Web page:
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Acetaminophen (Paracetamol) Induces Hypothermia During Acute Cold Stress
Institute for Sport and Physical Activity Research University of Bedfordshire, Bedford, UK.
Endurance Research Group, School of Sport and Exercise Sciences, University of Kent, Chatham Maritime, United Kingdom.
Mid Sweden University, Faculty of Human Sciences, Department of Health Sciences.
Institute for Health Research, University of Bedfordshire, Luton, United Kingdom.
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2017 (English)In: Clinical drug investigation, ISSN 1173-2563, E-ISSN 1179-1918, Vol. 37, no 11, p. 1055-1065Article in journal (Refereed) Published
Abstract [en]

Background: Acetaminophen is an over-the-counter drug used to treat pain and fever, but it has also been shown to reduce core temperature (Tc) in the absence of fever. However, this side effect is not well examined in humans, and it is unknown if the hypothermic response to acetaminophen is exacerbated with cold exposure. Objective: To address this question, we mapped the thermoregulatory responses to acetaminophen and placebo administration during exposure to acute cold (10 °C) and thermal neutrality (25 °C). Methods: Nine healthy Caucasian males (aged 20–24 years) participated in the experiment. In a double-blind, randomised, repeated measures design, participants were passively exposed to a thermo-neutral or cold environment for 120 min, with administration of 20 mg/kg lean body mass acetaminophen or a placebo 5 min prior to exposure. Tc, skin temperature (Tsk), heart rate, and thermal sensation were measured every 10 min, and mean arterial pressure was recorded every 30 min. Data were analysed using linear mixed effects models. Differences in thermal sensation were analysed using a cumulative link mixed model. Results: Acetaminophen had no effect on Tc in a thermo-neutral environment, but significantly reduced Tc during cold exposure, compared with a placebo. Tc was lower in the acetaminophen compared with the placebo condition at each 10-min interval from 80 to 120 min into the trial (all p < 0.05). On average, Tc decreased by 0.42 ± 0.13 °C from baseline after 120 min of cold exposure (range 0.16–0.57 °C), whereas there was no change in the placebo group (0.01 ± 0.1 °C). Tsk, heart rate, thermal sensation, and mean arterial pressure were not different between conditions (p > 0.05). Conclusion: This preliminary trial suggests that acetaminophen-induced hypothermia is exacerbated during cold stress. Larger scale trials seem warranted to determine if acetaminophen administration is associated with an increased risk of accidental hypothermia, particularly in vulnerable populations such as frail elderly individuals.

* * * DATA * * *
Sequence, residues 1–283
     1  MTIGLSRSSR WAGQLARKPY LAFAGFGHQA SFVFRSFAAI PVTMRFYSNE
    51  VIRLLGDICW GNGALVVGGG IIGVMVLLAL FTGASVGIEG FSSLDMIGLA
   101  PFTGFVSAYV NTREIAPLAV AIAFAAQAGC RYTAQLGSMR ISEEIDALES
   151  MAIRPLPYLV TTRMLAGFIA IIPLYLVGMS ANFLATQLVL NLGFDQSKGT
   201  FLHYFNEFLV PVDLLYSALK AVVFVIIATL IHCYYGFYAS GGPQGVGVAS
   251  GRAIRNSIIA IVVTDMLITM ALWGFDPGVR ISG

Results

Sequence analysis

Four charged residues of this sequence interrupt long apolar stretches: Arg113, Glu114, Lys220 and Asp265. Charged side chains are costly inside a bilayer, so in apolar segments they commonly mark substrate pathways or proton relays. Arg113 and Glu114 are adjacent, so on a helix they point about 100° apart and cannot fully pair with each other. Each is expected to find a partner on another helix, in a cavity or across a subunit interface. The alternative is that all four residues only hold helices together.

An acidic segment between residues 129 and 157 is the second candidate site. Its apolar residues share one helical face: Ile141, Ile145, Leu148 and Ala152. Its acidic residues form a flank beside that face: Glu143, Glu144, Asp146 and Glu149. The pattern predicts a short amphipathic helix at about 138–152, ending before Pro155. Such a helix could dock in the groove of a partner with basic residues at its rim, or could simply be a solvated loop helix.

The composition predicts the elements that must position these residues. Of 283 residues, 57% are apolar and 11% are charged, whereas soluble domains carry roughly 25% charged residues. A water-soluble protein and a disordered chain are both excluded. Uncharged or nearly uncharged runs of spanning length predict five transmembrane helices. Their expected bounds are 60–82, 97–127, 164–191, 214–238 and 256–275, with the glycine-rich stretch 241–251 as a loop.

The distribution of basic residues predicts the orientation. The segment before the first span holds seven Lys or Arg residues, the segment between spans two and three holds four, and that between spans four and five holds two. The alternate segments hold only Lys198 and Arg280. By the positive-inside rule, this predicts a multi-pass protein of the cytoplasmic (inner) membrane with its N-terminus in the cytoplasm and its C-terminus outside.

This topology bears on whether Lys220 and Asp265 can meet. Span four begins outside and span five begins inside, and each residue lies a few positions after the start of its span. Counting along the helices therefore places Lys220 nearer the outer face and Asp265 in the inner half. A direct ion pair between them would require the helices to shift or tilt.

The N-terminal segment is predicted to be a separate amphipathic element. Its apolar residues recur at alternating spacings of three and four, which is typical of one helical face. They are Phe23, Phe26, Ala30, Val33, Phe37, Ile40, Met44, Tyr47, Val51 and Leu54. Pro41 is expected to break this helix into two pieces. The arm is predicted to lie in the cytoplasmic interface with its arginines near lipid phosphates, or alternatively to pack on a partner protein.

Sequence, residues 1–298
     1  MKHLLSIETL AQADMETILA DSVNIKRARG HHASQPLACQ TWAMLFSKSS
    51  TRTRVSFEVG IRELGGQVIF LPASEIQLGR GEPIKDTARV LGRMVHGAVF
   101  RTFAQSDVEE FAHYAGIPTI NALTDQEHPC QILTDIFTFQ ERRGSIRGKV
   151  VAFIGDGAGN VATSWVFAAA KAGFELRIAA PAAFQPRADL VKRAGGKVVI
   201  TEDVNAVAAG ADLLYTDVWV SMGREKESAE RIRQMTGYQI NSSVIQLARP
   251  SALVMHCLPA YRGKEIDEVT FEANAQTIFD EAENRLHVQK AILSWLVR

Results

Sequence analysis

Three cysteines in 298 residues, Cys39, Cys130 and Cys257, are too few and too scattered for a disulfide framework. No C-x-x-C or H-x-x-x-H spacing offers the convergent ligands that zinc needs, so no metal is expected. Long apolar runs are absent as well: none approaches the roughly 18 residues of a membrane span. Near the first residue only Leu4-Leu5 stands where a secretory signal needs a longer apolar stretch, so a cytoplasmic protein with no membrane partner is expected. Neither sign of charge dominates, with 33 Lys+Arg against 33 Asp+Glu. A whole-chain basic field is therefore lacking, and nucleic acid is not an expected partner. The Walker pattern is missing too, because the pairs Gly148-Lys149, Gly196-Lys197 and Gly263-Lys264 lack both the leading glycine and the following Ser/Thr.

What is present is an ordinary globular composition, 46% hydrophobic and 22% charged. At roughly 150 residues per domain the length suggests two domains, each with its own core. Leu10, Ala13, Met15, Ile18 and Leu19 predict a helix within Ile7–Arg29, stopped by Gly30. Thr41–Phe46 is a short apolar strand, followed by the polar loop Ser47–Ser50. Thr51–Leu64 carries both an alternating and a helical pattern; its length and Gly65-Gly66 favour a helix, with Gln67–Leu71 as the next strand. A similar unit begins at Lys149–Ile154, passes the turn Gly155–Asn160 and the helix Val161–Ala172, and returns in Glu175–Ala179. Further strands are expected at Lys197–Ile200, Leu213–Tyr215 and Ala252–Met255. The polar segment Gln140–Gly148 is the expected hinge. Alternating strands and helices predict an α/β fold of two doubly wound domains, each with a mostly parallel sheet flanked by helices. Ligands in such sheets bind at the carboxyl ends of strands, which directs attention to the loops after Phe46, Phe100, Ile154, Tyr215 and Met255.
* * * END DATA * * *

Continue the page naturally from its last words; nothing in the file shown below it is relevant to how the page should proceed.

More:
Place, publisher, year, edition, pages
2017. Vol. 37, no 11, p. 1055-1065
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Sport and Fitness Sciences
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URN: urn:nbn:se:miun:diva-32185DOI: 10.1007/s40261-017-0560-xISI: 000413102400006PubMedID: 28766264Scopus ID: 2-s2.0-85026542911OAI: oai:DiVA.org:miun-32185DiVA, id: diva2:1161182
Available from: 2017-11-29 Created: 2017-11-29 Last updated: 2017-12-12Bibliographically approved

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Govus, Andrew

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